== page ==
Titans’ ball-control offense is their best defense against the Colts

NASHVILLE, Tenn. — The final game of the season for the Tennessee Titans will be a rematch against Andrew Luck and the Indianapolis Colts. The game has been flexed to Sunday night (8:20 ET, NBC) where the winner advances to the playoffs and possibly sets themselves up for an AFC South division title (pending the Houston Texans‘ result in Week 17).

It will be imperative for Tennessee to keep the ball out of Luck’s hands by dominating the time of possession battle. A ball-control offense is the best defense against the Colts. Titans running back Derrick Henry is running the ball with more authority and wearing down opposing defenses as his carries increase.

Having to possibly play without quarterback Marcus Mariota after he was knocked out of last week’s game because of a stinger could give Henry more responsibility. The Titans are 5-0 when Henry carries the ball 15 or more times.

“I feel like once I’m in the flow, I’m seeing everything. I’m finishing runs and being able to get north and south and have momentum. [And when] the offensive line is clicking, too,” Henry said.

Luck is back to his old ways despite missing 2017 with a shoulder injury. The seventh-year QB is having one of the best seasons of his career thanks in large part to coach Frank Reich. Luck has 4,308 passing yards this season to go along with 36 touchdown passes.

Luck carved up the Titans for 297 passing yards and three touchdown passes the last time the two teams played in Week 11. He completed 79.3 percent of his passes, averaging 10.24 yards per pass. The Colts controlled the time of possession, holding the ball for over 31 minutes.

The Titans can’t allow Indianapolis to put drives together and they must force the Colts’ offense to get anxious to make big plays — limited opportunities on the field will help eliminate long drives by Reich’s unit.

After a rough start, the Titans’ pass defense has settled down, giving up only 66 explosive plays (15 or more yards rushing and 20 or more passing) this season, ranking them among the top 10 in the league. The lack of big plays allowed by the Titans’ defense isn’t by accident.

Defensive coordinator Dean Pees says he has done extensive research to calculate the amount of times a team scores on his defense without the help of a big play or penalty.

“It usually comes down to less than five drives per year where a team scores on you without a big play or penalty,” Pees said. “I’ve done a study every year. If you don’t give up a penalty or a big play, it’s really hard for a team to score on you. That’s been an emphasis from the very first meeting I had with these guys. I gave them that stat.”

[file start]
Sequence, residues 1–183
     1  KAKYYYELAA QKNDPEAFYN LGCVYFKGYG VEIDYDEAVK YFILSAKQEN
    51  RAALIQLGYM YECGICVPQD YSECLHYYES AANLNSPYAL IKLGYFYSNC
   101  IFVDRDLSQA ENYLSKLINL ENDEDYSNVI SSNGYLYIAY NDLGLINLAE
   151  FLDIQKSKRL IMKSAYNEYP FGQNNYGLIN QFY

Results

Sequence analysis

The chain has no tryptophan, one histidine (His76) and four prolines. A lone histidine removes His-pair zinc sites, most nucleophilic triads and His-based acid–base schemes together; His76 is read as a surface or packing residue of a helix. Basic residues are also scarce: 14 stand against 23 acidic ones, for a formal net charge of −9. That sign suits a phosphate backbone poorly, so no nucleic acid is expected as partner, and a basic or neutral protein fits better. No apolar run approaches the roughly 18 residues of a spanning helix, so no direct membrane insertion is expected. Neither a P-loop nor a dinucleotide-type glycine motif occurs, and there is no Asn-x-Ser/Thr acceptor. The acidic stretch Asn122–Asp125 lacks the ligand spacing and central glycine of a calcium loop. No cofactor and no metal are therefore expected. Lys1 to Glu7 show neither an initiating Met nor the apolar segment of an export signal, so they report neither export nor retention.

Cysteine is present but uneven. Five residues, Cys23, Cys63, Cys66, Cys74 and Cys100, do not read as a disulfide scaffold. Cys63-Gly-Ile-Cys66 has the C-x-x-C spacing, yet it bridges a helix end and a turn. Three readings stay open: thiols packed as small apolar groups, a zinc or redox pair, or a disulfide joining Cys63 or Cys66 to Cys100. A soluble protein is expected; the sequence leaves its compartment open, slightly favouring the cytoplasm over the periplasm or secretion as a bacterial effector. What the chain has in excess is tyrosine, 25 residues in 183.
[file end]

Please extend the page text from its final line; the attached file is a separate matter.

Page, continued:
Eliminating the big plays won’t be easy against Indianapolis, a team that is well equipped to generate big plays. Colts wideout T.Y. Hilton is one of the most explosive players in the NFL. Hilton has 26 receptions of 20 yards or more, including five that have gone for over 40 yards.

The speedy deep threat was the primary weapon Indianapolis used when it beat the Titans earlier this season. Hilton had nine receptions for 155 yards and two touchdowns. Tennessee primarily used cornerback Adoree Jackson to cover Hilton. They’ll likely give Jackson a chance to redeem himself on Sunday.

It will be a win-and-in deal for the Titans in the prime-time matchup with the Colts. Luck has sent Tennessee home with a loss in 10 consecutive games.

Coach Mike Vrabel says the Titans have basically played playoff games the past four weeks. Tennessee had to win all of their games down the stretch to keep their playoff hopes alive.

Safety Kevin Byard agrees with Vrabel’s suggestion that the Titans have responded with a heightened sense of urgency.

“Andrew Luck has beat us something like 10 straight games,” he said. “We have to do whatever it takes to win. I feel like the playoffs started for us a while back. It’s a survive-and-advance mentality, and we’re surviving now.”

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